DAILY NEWS: Newmarket Launches Distribution Company with Berney; New York Film Fest Opener and Closer; and Toronto's Canadian Films
by Eugene Hernandez and Matthew Ross/indieWIRE with an article by Joe
>> Berney Lured by Newmarket for New Distribution Company; IFC Films Seeking Replacement
(indieWIRE: 07.24.02) — Bob Berney, the indie-distribution maven widely
credited with the crossover success of IFC Films‘ “Y Tu Mama Tambien” and
“My Big Fat Greek Wedding,” is leaving IFC to become partner and president
of a new theatrical distribution company that will be launched by Newmarket
“It just seemed like one of those opportunities that rarely come along, a
can’t-refuse kind of deal,” Berney told indieWIRE yesterday (Tuesday). “And
also, the [indie film] business is really great at this time. And I’d
already worked with the Newmarket people on ‘Memento‘ and ‘Donnie Darko,’ so I knew them really well.”
Berney, who worked with Newmarket to release its hit film “Memento,” insisted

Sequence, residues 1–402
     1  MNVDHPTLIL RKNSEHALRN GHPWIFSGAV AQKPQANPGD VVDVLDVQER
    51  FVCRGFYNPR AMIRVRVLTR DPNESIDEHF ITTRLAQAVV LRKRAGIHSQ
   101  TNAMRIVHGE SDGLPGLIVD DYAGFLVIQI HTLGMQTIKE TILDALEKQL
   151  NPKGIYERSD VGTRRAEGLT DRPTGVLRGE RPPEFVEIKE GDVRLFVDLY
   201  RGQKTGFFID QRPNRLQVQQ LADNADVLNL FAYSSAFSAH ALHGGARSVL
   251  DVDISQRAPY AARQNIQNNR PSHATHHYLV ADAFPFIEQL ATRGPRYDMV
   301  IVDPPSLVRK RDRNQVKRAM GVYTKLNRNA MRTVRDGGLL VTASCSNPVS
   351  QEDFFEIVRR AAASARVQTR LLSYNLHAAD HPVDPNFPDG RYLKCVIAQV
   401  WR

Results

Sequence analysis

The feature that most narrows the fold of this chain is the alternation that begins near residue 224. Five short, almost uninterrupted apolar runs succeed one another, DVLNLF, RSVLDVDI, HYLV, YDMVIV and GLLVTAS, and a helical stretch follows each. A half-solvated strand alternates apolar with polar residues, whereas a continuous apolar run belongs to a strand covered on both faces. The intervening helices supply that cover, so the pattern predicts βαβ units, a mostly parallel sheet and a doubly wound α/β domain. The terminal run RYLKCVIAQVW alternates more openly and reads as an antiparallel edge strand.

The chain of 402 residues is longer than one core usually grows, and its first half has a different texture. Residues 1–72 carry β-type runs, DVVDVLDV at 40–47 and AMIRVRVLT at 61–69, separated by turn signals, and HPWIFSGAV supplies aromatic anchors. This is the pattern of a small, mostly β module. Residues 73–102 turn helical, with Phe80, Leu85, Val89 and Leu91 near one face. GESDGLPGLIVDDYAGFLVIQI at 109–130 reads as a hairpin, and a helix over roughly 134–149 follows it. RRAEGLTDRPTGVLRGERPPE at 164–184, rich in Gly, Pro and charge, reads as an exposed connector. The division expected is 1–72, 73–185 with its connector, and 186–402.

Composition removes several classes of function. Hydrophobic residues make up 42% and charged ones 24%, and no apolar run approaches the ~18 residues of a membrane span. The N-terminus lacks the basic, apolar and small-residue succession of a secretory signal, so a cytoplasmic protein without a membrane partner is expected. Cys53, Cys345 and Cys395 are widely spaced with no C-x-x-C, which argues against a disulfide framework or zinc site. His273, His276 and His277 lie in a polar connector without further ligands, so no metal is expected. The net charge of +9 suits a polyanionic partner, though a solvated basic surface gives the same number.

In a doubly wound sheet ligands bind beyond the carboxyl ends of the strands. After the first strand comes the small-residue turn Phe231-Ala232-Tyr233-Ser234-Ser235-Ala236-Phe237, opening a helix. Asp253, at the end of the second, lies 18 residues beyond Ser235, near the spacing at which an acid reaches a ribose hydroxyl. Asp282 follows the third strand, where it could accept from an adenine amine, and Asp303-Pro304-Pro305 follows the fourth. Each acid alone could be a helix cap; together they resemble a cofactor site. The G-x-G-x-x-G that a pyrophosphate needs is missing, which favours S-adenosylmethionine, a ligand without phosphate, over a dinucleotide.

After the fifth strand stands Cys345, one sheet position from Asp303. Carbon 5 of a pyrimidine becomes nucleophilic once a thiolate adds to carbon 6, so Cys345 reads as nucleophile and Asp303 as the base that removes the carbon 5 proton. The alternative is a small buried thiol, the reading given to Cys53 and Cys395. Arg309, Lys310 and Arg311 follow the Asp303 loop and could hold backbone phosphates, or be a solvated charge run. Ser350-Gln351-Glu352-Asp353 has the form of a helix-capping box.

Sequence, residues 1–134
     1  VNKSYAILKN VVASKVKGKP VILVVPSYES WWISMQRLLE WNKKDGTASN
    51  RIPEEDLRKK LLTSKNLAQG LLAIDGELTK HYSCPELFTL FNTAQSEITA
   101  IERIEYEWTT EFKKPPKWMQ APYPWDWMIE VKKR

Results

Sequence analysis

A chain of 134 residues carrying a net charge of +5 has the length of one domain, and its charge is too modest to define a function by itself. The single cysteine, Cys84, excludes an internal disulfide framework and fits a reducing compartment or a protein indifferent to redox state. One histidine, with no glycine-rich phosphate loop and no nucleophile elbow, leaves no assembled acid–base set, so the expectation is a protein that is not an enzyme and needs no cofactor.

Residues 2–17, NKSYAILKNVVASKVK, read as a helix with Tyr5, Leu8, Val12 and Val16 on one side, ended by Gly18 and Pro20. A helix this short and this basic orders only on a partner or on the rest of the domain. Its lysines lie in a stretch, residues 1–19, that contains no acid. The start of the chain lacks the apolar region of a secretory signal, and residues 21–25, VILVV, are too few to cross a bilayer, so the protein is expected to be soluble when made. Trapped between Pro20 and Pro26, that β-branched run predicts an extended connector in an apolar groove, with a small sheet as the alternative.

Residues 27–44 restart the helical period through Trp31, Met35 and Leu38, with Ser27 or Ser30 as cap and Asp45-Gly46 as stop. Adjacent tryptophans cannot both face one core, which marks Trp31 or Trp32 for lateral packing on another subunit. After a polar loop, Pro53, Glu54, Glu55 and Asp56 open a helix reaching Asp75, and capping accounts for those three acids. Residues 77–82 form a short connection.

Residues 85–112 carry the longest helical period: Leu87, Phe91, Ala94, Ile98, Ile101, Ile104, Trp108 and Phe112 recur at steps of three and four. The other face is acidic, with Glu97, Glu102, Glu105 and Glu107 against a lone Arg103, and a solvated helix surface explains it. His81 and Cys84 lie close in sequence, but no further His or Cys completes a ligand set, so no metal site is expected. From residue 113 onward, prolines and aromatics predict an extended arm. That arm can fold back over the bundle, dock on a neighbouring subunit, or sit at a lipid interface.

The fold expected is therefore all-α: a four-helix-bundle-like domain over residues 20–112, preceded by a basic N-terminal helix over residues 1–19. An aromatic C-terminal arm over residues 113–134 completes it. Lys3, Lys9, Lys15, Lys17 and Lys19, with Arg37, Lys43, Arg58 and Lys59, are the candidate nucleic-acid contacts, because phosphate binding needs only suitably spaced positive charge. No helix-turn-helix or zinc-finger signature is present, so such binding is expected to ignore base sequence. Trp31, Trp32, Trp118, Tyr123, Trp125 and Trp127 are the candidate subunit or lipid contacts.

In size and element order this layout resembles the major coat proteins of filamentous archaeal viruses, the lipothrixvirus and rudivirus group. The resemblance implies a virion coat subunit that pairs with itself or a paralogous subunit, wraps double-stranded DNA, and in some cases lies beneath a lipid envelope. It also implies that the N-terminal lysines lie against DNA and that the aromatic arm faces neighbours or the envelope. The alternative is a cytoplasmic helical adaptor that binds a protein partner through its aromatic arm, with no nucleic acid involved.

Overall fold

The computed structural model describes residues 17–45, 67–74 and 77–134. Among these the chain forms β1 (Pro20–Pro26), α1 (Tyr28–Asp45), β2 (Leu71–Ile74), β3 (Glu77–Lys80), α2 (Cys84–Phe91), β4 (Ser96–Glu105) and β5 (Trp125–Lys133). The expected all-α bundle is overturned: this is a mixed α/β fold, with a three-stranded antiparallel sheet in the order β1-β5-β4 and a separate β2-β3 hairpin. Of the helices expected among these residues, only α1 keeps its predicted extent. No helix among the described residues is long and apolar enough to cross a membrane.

that his departure from IFC is an amicable one, a sentiment echoed by
IFC Entertainment chief Jonathan Sehring.
“We regretfully accepted his resignation Friday,” explained Sehring in a
conversation with indieWIRE. “He felt this was a once-in-a lifetime
opportunity for him. And aside from working together, we’re very close
friends. We hate to see him go. So we wish him all the best.”
“It’s sort of like breaking up with your girlfriend who’s also your best
friend,” added Sehring, “It’s as amicable as you can get in a situation like
Berney is expected to continue at IFC as senior vice president of marketing
and distribution through the August release of “The Chateau,” Jesse Peretz‘s
comedy about two American brothers (Paul Rudd, Romany Malco) who inherit a posh French estate. “And he’ll be around to shepherd ‘Greek Wedding’ to its
conclusion,” added Sehring.
The yet-to-be named Newmarket venture, which had the film community buzzing
on Tuesday, will be based in New York City. Current plans call for the
yet to be named distribution entity to build a slate comprised of acquisitions
and select titles produced or co-produced by its parent company.